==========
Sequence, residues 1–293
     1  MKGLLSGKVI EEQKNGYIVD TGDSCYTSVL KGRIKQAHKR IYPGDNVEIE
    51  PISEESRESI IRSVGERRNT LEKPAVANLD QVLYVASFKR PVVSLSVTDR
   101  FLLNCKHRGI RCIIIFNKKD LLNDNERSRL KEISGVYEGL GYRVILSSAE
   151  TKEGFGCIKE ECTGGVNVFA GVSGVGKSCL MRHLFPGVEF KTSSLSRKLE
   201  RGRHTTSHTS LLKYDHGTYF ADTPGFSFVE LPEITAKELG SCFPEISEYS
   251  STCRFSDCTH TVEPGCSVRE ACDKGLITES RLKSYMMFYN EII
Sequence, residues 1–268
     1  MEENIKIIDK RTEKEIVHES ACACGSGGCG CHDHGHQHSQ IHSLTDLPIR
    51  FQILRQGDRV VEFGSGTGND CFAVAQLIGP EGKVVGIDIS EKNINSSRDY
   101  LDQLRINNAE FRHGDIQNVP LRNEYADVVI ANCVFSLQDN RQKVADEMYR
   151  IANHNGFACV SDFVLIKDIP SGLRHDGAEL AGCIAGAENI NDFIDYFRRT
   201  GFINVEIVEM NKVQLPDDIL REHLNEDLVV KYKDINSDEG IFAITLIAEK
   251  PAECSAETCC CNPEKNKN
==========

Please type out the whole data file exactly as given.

Sequence, residues 1–293
     1  MKGLLSGKVI EEQKNGYIVD TGDSCYTSVL KGRIKQAHKR IYPGDNVEIE
    51  PISEESRESI IRSVGERRNT LEKPAVANLD QVLYVASFKR PVVSLSVTDR
   101  FLLNCKHRGI RCIIIFNKKD LLNDNERSRL KEISGVYEGL GYRVILSSAE
   151  TKEGFGCIKE ECTGGVNVFA GVSGVGKSCL MRHLFPGVEF KTSSLSRKLE
   201  RGRHTTSHTS LLKYDHGTYF ADTPGFSFVE LPEITAKELG SCFPEISEYS
   251  STCRFSDCTH TVEPGCSVRE ACDKGLITES RLKSYMMFYN EII
Sequence, residues 1–268
     1  MEENIKIIDK RTEKEIVHES ACACGSGGCG CHDHGHQHSQ IHSLTDLPIR
    51  FQILRQGDRV VEFGSGTGND CFAVAQLIGP EGKVVGIDIS EKNINSSRDY
   101  LDQLRINNAE FRHGDIQNVP LRNEYADVVI ANCVFSLQDN RQKVADEMYR
   151  IANHNGFACV SDFVLIKDIP SGLRHDGAEL AGCIAGAENI NDFIDYFRRT
   201  GFINVEIVEM NKVQLPDDIL REHLNEDLVV KYKDINSDEG IFAITLIAEK
   251  PAECSAETCC CNPEKNKN